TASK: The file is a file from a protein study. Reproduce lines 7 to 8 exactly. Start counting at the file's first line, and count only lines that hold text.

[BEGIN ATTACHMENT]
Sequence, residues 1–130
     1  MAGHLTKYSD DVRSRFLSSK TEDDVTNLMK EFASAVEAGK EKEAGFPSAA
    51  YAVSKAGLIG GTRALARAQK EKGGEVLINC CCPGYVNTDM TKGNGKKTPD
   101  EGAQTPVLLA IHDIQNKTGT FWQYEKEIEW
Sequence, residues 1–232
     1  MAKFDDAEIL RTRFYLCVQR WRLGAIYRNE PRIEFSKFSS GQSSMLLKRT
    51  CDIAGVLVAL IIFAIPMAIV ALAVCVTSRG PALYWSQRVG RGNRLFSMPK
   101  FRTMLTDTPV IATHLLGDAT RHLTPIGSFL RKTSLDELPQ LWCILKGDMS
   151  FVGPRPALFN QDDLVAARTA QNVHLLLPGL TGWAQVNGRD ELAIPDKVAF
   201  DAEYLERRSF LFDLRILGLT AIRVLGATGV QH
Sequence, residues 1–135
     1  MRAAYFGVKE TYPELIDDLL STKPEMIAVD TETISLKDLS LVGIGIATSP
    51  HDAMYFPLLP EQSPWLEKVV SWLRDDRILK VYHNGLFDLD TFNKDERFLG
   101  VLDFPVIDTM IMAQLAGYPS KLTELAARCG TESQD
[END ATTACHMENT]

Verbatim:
    51  CDIAGVLVAL IIFAIPMAIV ALAVCVTSRG PALYWSQRVG RGNRLFSMPK
   101  FRTMLTDTPV IATHLLGDAT RHLTPIGSFL RKTSLDELPQ LWCILKGDMS